Joseph Crawley (Asheville NC) and his friend Caleb, a mason, joined me for a team effort to help a gentleman in North Carolina this week build both an 8” masonry rocket mass heater with blind benches and a 6” rocket heater self contained in one barrel (plus a 11” pedestal/manifold.) We started Monday morning and had the first fires in both units tonight.
And here’s the 6” rocket self contained in one 55 gallon barrel I just completed for him. It uses Peter’s new double shoebox (top port) design, a firebox door designed for Ugly Drum Smokers, a USSC 6” flue collar, and a clean out T in the 6” flue to use to warm up the chimney and prevent smoke back by inserting a small fire starter (or in this case we just used heavy brown paper from the refractory mortar bags.)
The firebox of both these stoves utilize a shippable core with 2600• HS (High Strenth) large insulating fire bricks for the walls and 1” ceramic fiber board for the roof. The 8” system is a tradional left sidewinder with 60” vertical riser made of 2300• regular insulating firebrick. The shoebox on top of the 6” firebox utilizes 2” ceramic fiber board for the walls and 1” for the top.
The barrel got to 800 degrees tonight but I still need to drill some air inlets in the firebox door frame.
The homeowner was heating a HUGE interior space because the house was literally built like a modern barn, and only a third of it was finished and insulated, the third where we built this massive masonry rocket stove. So while this masonry rocket heater was performing exceptionally well, all the heat was flowing out into the main part of the structure and straight up the large third floor cupola, and he was having trouble keeping the temp up in the finished/insulated part of the structure.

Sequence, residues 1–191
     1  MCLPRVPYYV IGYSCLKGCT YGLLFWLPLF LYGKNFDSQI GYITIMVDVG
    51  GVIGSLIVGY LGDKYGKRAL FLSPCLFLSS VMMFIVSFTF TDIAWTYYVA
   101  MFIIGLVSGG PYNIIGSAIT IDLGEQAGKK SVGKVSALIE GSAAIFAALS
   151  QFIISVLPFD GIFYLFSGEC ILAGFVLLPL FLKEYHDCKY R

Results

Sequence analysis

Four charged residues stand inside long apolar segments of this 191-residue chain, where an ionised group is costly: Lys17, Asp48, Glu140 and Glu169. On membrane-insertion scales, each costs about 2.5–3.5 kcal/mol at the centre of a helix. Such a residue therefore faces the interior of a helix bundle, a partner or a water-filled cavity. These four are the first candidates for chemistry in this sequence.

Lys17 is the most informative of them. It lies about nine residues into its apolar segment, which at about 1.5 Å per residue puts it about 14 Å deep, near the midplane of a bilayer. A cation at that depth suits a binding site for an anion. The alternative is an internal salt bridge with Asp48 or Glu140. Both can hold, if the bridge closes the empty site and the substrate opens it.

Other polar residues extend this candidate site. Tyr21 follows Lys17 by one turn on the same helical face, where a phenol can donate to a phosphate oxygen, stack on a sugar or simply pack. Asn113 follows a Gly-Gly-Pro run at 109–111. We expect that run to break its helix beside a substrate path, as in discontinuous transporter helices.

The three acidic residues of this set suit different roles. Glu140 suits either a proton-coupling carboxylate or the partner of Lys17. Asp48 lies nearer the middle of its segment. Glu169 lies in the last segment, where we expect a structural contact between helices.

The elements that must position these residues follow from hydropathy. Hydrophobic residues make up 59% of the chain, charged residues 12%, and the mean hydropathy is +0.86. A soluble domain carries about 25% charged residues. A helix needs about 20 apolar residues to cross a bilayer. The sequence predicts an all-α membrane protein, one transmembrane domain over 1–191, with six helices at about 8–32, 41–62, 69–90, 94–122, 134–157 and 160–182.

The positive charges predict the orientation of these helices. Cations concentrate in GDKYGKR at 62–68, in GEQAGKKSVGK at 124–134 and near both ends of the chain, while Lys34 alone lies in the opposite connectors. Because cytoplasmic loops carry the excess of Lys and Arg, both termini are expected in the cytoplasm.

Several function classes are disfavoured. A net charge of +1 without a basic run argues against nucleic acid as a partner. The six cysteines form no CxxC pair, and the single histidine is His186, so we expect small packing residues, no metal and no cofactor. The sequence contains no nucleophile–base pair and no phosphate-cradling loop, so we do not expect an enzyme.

Since I left, I recommended he build a wall with French doors at the end of the finished/insulated space to separate it from the rest of the structure and keep the heat in the finished area from the masonry rocket heater. He has almost completed the wall, and is thrilled with the results, as the first floor is staying really toasty, and the heat from the masonry rocket rises up the stairwell in the finished area and is keeping the second floor of the finished area really warm as well.
“On another note - the statistics of this bell heater are going to knock some socks off. I only have to burn maybe 1 full load in a day, maybe 2 arm loads, keeps the whole place toasty - wonder what insulation can do? haha.”
There must be 4000-5000lbs of mass in the masonry of this stove, and that’s the key distinction when people who have them claim they only use a fraction of the Firewood they would have burned in a regular wood stove. They capture, hold then slowly release massive numbers of BTUs. I don’t even think my Woodstock soapstone Ideal Steel Stove (an incredibly clean burning hybrid modern wood stove) could have compared to the effect this mass has on gleaning every ounce of heat out of the exhaust stream.